Tennessee Aggravated Assault Laws

Learn how Tennessee defines and punishes aggravated assaults.

By , Attorney · Mitchell Hamline School of Law
Updated June 04, 2024

Aggravated assaults carry felony penalties in Tennessee. Learn how Tennessee defines and punishes aggravated assault offenses.

Understanding Aggravated Assault Charges in Tennessee

Aggravated assault crimes typically involve serious bodily injuries, use or display of a deadly weapon, strangulation or attempted strangulation, or protected victims. Here are some definitions.

Serious bodily injuries involve significant harm or pain, such as a broken bone, disfigurement, loss of a limb, serious stab or gun wound, or an injury requiring surgery or hospitalization. They are more than minor injuries like cuts, scrapes, or bruises.

Deadly weapons are objects that by definition are capable of or designed to cause death or serious bodily injury, such as a firearm, large hunting knife, or brass knuckles. Other objects can also be deadly weapons by how they're used—for instance, a rope used to strangle someone or a metal pipe or baseball bat used to strike someone.

Strangulation involves intentionally or knowingly impeding another's normal breathing or blood circulation by applying pressure to the throat or neck or blocking their nose and mouth, regardless of whether visible injuries are apparent.

(Tenn. Code §§ 39-11-106, 39-13-102 (2024).)

What Is Aggravated Assault in Tennessee?

A prosecutor can file charges for aggravated assault in the following situations.

Serious Bodily Injuries

Anytime a victim suffers "serious physical injuries," the crime is aggravated assault.

Deadly Weapon or Strangulation

Even if only bodily injuries or offensive contact result, a prosecutor can file aggravated assault charges when the defendant used or displayed a deadly weapon or strangled the victim.

A person also commits aggravated assault by intentionally or knowingly placing a victim in fear of imminent harm while using or displaying a deadly weapon or strangling the victim.

Restraining Order Violation

Tennessee law makes it an aggravated assault for a defendant to violate a restraining order by intentionally or knowingly attempting to assault the protected individuals.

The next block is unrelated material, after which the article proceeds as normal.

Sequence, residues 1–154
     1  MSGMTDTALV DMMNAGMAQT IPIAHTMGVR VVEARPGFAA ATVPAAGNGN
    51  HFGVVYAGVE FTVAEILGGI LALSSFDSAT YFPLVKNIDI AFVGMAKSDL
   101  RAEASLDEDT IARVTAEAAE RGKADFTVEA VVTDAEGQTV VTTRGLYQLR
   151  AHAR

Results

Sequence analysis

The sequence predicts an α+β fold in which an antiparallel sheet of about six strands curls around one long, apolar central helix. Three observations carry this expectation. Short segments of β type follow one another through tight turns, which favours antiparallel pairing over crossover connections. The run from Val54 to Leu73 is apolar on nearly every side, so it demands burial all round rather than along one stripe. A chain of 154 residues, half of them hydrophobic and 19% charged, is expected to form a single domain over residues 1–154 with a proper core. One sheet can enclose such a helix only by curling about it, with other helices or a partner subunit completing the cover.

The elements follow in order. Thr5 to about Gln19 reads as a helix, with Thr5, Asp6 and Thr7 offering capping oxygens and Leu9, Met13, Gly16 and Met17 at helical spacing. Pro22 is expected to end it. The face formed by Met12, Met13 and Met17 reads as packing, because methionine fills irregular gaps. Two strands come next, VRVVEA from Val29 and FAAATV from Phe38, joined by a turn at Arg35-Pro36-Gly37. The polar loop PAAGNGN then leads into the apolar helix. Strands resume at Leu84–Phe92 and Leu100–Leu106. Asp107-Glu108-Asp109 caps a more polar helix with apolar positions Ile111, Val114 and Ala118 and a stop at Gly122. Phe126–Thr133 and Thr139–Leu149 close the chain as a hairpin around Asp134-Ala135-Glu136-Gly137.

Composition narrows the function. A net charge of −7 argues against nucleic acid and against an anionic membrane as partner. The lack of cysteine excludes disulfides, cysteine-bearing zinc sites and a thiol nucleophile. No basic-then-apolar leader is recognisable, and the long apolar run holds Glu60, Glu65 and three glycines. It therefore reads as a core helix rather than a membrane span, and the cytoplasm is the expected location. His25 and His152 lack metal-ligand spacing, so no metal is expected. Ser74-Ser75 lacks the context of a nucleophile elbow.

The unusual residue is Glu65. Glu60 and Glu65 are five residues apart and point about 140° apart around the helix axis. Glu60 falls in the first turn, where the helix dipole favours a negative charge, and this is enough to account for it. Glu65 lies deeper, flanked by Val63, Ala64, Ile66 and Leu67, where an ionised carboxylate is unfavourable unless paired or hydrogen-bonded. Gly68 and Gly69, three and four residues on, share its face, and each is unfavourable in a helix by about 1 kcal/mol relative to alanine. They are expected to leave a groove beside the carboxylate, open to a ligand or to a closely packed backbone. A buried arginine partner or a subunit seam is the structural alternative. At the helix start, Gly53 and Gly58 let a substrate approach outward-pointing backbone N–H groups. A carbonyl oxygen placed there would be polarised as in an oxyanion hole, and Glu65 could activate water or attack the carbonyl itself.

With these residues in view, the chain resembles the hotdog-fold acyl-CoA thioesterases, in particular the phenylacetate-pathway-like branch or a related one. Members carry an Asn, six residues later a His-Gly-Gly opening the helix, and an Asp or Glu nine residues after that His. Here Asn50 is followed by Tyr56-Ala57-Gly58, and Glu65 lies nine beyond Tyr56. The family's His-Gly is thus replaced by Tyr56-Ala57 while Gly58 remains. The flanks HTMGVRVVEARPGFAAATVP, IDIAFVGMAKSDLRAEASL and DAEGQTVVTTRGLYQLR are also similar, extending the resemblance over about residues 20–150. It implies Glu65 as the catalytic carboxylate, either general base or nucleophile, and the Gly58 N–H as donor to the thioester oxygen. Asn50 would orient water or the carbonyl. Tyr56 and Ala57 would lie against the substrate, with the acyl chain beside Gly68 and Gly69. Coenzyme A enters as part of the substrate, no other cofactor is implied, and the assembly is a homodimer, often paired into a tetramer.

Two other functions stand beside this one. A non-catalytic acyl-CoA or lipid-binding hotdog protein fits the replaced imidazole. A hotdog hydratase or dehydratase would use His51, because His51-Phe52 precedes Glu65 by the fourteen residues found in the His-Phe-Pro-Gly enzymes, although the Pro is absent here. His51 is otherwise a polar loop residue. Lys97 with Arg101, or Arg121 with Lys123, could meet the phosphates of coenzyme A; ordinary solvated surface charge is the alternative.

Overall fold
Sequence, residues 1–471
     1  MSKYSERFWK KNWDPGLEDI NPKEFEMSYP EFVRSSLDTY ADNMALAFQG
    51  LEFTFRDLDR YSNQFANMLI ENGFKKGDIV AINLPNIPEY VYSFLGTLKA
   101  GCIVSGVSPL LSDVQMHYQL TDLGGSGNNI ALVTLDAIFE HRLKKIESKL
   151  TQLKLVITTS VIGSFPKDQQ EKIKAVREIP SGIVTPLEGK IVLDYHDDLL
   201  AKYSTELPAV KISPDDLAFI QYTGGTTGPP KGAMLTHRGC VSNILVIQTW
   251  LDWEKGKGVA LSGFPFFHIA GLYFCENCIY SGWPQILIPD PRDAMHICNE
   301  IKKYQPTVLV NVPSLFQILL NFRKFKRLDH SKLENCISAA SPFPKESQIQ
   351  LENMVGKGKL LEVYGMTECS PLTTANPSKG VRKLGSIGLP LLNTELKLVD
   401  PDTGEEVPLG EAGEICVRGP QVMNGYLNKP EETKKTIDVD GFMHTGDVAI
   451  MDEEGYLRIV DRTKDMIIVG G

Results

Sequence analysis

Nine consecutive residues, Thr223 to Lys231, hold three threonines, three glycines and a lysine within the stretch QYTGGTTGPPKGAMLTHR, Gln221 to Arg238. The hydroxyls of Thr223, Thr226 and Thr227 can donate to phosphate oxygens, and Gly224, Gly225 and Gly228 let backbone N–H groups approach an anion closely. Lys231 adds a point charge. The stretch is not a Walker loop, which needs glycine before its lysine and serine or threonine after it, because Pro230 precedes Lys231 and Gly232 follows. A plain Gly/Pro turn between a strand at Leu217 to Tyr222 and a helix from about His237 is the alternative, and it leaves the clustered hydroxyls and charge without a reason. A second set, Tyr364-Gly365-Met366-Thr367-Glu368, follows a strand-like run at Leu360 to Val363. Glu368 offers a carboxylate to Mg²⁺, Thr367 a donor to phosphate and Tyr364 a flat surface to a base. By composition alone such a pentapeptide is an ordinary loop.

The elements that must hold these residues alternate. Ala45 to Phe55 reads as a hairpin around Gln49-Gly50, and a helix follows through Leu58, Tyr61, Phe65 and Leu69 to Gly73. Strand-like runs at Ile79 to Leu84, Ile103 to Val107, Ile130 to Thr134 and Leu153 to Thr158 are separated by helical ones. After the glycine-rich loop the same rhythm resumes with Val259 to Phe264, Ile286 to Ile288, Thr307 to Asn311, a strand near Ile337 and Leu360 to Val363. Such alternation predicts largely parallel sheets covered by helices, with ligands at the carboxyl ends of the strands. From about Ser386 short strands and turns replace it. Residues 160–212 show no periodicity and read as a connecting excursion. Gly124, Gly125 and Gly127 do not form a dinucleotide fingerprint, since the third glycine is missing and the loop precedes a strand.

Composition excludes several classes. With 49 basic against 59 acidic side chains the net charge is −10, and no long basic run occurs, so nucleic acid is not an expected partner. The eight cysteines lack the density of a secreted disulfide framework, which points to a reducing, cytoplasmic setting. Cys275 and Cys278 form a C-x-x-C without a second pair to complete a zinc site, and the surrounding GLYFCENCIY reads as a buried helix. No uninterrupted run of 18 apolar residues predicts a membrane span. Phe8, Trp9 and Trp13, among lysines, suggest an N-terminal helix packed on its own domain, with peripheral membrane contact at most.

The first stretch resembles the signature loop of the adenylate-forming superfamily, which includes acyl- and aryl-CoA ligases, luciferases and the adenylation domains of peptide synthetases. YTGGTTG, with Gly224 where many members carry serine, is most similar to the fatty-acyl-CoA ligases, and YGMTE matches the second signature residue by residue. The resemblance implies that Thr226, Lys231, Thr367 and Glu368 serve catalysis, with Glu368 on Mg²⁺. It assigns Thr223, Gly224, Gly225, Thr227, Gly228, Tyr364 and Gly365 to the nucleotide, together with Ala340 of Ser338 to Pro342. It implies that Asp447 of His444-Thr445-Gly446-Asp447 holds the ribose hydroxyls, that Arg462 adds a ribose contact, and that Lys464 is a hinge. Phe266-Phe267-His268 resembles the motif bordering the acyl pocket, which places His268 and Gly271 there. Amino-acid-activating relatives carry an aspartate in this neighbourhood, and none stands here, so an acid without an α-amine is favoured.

Parent Fails to Protect Child From Aggravated Assault or Abuse

A parent or custodian who intentionally fails or refuses to protect their child from aggravated assault or child abuse can face aggravated assault charges. This section also applies to custodians of adults.

(Tenn. Code § 39-13-102 (2024).)

What Are the Penalties for Aggravated Assault in Tennessee?

Most aggravated assault crimes carry Class C felony penalties, punishable by 3 to 15 years of prison time. Aggravated assaults involving reckless acts are Class D felonies with potential prison sentences of 2 to 12 years. Judges can order fines up to $15,000 and restitution for any aggravated assault conviction.

Enhanced penalties apply in the following situations.

Shooting from a vehicle. An aggravated assault involving discharging a firearm from a vehicle increases the penalty by one felony level.

Child victim. An aggravated assault resulting in serious bodily injuries or death increases by one felony level if the victim is a minor.

Pregnant victim. Aggravated assault involving strangulation of a pregnant woman is a class B felony.

First responders. Aggravated assault committed against a nurse or first responder (police officer, firefighter, EMT, or other emergency responder) carries a mandatory $15,000 fine and a mandatory minimum 90-day sentence.

(Tenn. Code §§ 39-13-102, 36-13-116 (2024).)

Possible Defenses to Aggravated Assault Charges in Tennessee

A person facing aggravated assault charges can fight the charges in several ways, including by poking holes in the prosecution's case or by raising an affirmative defense.

Self-defense. A defendant might claim self-defense or defense of others if the alleged victim started the altercation or was about to. To be successful, the defendant can only use as much force as is reasonably necessary to protect against the other's use or attempted use of unlawful force. A jury must acquit a defendant if they present a valid self-defense case. (Tenn. Code §§ 39-11-611, 39-11-612 (2024).)

Reasonable doubt. The defense might also try to poke holes in the prosecution's case by arguing the prosecution failed to prove the required intent or resulting harm beyond a reasonable doubt. For example, a defendant might argue the victim's injuries didn't rise to the level of serious bodily harm or that an object used in the offense wasn't a "deadly weapon." These types of arguments could result in dismissal or reduced charges of simple assault.

Alibi or wrong defendant. The defense attorney might argue the cops got the wrong person—say, for example, if the assault happened in a crowded room or a dark alley. The defendant could also present an alibi if they were somewhere else when the assault occurred. If successful, this defense could result in an acquittal.

Talk to a Lawyer

Aggravated assault charges are serious. Talk to a criminal defense lawyer if you're facing charges or an investigation. An attorney can help you understand the charges, defend your case, and protect your rights.

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